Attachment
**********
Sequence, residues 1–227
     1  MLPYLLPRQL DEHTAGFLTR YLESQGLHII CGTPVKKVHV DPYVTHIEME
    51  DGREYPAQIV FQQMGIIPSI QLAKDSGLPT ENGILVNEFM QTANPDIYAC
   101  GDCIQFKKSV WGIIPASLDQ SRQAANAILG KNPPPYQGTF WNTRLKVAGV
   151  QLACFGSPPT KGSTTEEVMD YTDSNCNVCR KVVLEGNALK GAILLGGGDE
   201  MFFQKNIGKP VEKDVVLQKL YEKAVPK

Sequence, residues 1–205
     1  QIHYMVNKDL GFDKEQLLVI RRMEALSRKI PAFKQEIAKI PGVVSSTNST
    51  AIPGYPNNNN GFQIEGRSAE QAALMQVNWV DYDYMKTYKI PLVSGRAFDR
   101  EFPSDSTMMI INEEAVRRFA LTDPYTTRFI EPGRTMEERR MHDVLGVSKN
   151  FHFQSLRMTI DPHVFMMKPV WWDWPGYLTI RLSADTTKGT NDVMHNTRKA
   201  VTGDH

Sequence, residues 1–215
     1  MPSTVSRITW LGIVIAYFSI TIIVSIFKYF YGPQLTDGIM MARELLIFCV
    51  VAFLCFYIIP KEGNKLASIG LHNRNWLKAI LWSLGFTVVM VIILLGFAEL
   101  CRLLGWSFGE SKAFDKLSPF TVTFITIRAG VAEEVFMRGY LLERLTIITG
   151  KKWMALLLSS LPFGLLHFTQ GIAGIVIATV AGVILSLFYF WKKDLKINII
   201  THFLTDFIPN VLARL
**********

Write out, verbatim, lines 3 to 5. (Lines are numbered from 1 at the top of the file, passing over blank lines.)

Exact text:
    51  DGREYPAQIV FQQMGIIPSI QLAKDSGLPT ENGILVNEFM QTANPDIYAC
   101  GDCIQFKKSV WGIIPASLDQ SRQAANAILG KNPPPYQGTF WNTRLKVAGV
   151  QLACFGSPPT KGSTTEEVMD YTDSNCNVCR KVVLEGNALK GAILLGGGDE